Parents who are failures, and parents who are not

Not a failure: “My daughter is pregnant.”

Failure: “My daughter had an abortion because she knew damn well what would happen to her if she turned up pregnant in this house.”


Not a failure: “My child is severely depressed.” “My child has debilitating anxiety.” “My child is suicidal.” “My child has learning disability.” “My child is non-neurotypical.” 

Failure: “I have no idea what to do, but there’s no way I’m letting stranger into our personal lives. Professional help is for people who can’t hack it, and I don’t belong in a waiting room with that trash.”


Not a failure: “We are totally crashing and burning in the home school/private school/religious school/public school we thought would be so perfect for our kind of family.”

Failure: “We are totally crashing and burning, but if we quit, we’ll be failures as parents/let down the community/have to admit we’re wrong/change our lives around. We better keep going, so everyone will know we care about our kids.”


Not a failure: “I don’t understand my kid very well, and it’s hard to talk.”

Failure: “My kid has a great relationship with my spouse, or with her teacher, or with her friend’s mom. I undermine this relationship every chance I get, because they’re usurping me. I’m the parent.”


Not a failure: “My kid is screwing up in exactly the same ways I did or do.”

Failure: “Boy, does this look familiar, and boy does it make me feel bad. I’ll punish him double, once for each of us.”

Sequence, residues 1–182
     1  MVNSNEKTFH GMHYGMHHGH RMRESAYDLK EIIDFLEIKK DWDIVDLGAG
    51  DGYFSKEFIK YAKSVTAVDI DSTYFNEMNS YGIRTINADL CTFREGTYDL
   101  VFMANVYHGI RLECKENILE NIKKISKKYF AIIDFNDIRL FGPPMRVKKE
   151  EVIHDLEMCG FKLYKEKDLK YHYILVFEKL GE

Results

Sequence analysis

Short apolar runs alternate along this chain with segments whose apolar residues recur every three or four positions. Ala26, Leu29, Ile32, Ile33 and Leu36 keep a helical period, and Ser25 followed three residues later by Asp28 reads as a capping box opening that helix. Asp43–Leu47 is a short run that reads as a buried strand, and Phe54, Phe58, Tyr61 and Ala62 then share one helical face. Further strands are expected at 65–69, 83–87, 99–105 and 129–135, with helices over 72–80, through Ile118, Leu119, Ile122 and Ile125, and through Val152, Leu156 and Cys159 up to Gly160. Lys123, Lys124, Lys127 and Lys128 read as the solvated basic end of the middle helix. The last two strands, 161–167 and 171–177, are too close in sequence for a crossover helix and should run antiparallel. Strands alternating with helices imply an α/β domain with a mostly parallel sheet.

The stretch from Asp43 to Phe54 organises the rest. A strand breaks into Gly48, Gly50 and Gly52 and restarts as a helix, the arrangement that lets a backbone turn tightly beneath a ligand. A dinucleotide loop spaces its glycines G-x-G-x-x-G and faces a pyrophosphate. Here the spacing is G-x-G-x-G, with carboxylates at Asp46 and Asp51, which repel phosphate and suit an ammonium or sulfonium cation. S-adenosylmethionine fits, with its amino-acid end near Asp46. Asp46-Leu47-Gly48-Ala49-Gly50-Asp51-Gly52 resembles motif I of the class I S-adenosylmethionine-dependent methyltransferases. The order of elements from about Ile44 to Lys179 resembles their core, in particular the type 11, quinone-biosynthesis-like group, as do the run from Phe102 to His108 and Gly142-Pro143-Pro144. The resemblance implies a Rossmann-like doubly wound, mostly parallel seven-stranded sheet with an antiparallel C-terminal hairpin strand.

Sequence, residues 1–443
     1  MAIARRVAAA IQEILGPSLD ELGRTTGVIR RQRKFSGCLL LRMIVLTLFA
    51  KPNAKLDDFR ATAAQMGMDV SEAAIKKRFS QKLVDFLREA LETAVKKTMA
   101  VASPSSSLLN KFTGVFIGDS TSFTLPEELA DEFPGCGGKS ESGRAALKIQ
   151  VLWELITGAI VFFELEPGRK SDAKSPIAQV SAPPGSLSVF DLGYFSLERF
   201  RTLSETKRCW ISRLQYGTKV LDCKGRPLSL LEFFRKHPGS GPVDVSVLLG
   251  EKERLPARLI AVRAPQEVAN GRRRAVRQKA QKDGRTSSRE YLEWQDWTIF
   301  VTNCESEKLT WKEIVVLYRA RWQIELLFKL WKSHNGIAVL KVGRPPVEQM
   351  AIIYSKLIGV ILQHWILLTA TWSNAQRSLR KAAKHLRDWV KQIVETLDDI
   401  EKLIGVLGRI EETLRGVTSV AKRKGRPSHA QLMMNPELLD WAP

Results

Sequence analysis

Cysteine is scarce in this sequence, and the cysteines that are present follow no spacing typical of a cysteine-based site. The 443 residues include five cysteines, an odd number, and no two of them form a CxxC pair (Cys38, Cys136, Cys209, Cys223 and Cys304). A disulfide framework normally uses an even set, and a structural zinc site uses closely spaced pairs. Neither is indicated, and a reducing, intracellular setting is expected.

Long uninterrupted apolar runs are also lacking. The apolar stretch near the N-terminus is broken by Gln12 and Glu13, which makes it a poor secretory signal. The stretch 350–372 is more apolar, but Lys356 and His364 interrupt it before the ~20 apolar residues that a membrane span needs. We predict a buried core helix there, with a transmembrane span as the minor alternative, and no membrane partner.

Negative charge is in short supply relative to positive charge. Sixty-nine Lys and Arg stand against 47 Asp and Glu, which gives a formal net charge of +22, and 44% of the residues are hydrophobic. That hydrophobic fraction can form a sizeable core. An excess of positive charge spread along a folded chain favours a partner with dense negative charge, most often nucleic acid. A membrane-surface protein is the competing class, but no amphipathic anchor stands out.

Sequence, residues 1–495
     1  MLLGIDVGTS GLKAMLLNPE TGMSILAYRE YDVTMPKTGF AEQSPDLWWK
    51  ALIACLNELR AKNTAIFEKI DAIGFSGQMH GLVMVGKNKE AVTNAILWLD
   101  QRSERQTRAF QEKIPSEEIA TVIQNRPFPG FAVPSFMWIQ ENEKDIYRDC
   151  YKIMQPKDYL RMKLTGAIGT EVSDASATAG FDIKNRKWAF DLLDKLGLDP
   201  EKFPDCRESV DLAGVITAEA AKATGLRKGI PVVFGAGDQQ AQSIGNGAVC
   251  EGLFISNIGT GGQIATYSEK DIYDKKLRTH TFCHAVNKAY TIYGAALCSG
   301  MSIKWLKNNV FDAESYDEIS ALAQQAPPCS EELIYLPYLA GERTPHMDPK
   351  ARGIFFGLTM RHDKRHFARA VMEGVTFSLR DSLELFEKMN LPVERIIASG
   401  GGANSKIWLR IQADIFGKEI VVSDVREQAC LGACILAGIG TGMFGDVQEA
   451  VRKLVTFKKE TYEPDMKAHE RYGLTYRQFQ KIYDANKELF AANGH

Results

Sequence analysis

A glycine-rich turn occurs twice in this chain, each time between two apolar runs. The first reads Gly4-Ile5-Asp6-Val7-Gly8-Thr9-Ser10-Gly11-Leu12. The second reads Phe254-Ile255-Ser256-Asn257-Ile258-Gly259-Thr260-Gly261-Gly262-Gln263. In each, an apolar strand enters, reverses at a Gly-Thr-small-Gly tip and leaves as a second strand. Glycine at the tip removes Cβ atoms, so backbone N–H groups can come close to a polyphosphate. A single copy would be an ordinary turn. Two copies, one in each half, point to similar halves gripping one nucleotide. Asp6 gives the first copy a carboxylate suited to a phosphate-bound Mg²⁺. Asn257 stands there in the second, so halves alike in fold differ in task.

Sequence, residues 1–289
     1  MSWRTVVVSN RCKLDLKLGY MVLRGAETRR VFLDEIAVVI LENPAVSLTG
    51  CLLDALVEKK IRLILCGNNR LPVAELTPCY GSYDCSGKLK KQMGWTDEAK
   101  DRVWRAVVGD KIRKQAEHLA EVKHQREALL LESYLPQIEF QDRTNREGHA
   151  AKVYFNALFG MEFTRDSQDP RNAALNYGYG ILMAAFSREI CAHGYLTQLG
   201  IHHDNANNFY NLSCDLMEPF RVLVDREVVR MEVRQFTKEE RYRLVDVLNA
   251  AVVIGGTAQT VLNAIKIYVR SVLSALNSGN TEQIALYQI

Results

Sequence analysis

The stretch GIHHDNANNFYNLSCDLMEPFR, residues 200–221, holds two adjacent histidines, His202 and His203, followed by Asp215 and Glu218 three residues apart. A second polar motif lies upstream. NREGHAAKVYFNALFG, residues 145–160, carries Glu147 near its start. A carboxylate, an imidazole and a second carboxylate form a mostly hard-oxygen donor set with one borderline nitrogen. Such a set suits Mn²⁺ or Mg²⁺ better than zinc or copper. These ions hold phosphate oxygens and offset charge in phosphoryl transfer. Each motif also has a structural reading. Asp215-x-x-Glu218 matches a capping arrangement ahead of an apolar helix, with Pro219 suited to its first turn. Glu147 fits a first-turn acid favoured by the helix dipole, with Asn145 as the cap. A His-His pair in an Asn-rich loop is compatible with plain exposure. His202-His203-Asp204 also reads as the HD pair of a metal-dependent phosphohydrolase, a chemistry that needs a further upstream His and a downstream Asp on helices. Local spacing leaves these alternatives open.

Not a failure: “Despite our best efforts to raise him right, my kid exercised his free will and is now a druggie, an alcoholic, a criminal.”

Failure: “His name is forbidden in my home.”


Not a failure:  “We are too broke to give our kids everything their friends have.”

Failure: “I must do everything possible to get more money, so we can be happy.”


Not a failure: “My child is gay.”

Failure: “I refuse to have gay children, so either the kid or the gayness has got to go.”


Not a failure: “My child has left the Church.”

Failure: “I raise Catholic children, so I guess this is no longer my child.  How could he betray Me this way?”


Not a failure: “I just said or did exactly the wrong thing to my kid.”

Failure: “We must never speak of this again.”

A version of this post was originally published in 2014. 

Photo by Alon via Flickr (Creative Commons)

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7 thoughts on “Parents who are failures, and parents who are not”

  1. My kids are still babies (2 year old and an almost 8 month old), and pretty much everyday there is something new to feel guilty about and I know things will only get harder and more complicated as they age.

  2. I feel like this is a stereotype (almost like a script for an anti-faith movie). I know many, many parents (myself included) who are not “successes” nor have perfect children or family lives. I’ve rarely run across a loving parent who has the failure attitude you’ve depicted. Have you actually heard parents say these things? They are certainly “lines” that could be put in the mouth of a “bad” parent, but how many parents have you actually heard express these ideas?

    1. Sure, I have heard parents saying the things that would categorize them as failures. But I think you’re mistaking the goal of this piece. It wasn’t to call out bad parental behavior; it was to reassure parents who *feel* like failures that they almost certainly *aren’t,* even if they and their kids are going through some hard and awful things.

  3. Thanks for doing this. I often feel like a failure as a parent and there isn’t much out there that is valuable, last time I googled the topic.

    Parents need encouragement today. Especially parents of large families. I feel like it’s hard to meet society’s expectations for kids if you don’t have the endless (
    Time & resourced

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